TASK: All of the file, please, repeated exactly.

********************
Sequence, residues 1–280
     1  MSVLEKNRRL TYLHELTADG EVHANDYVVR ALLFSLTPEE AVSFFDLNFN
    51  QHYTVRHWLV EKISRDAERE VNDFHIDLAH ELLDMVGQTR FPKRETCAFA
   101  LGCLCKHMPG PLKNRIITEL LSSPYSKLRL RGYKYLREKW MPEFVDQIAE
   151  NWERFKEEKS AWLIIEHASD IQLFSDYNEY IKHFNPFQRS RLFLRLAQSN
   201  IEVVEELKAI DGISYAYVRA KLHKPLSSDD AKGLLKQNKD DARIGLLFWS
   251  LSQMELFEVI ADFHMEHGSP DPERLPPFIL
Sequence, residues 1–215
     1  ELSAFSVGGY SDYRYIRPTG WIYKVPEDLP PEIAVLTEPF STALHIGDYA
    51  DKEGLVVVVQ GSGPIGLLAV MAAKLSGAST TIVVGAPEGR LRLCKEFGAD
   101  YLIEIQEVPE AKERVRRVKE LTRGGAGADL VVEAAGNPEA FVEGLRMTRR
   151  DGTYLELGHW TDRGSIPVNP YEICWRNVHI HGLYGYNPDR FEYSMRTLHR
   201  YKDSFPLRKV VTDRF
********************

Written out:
Sequence, residues 1–280
     1  MSVLEKNRRL TYLHELTADG EVHANDYVVR ALLFSLTPEE AVSFFDLNFN
    51  QHYTVRHWLV EKISRDAERE VNDFHIDLAH ELLDMVGQTR FPKRETCAFA
   101  LGCLCKHMPG PLKNRIITEL LSSPYSKLRL RGYKYLREKW MPEFVDQIAE
   151  NWERFKEEKS AWLIIEHASD IQLFSDYNEY IKHFNPFQRS RLFLRLAQSN
   201  IEVVEELKAI DGISYAYVRA KLHKPLSSDD AKGLLKQNKD DARIGLLFWS
   251  LSQMELFEVI ADFHMEHGSP DPERLPPFIL
Sequence, residues 1–215
     1  ELSAFSVGGY SDYRYIRPTG WIYKVPEDLP PEIAVLTEPF STALHIGDYA
    51  DKEGLVVVVQ GSGPIGLLAV MAAKLSGAST TIVVGAPEGR LRLCKEFGAD
   101  YLIEIQEVPE AKERVRRVKE LTRGGAGADL VVEAAGNPEA FVEGLRMTRR
   151  DGTYLELGHW TDRGSIPVNP YEICWRNVHI HGLYGYNPDR FEYSMRTLHR
   201  YKDSFPLRKV VTDRF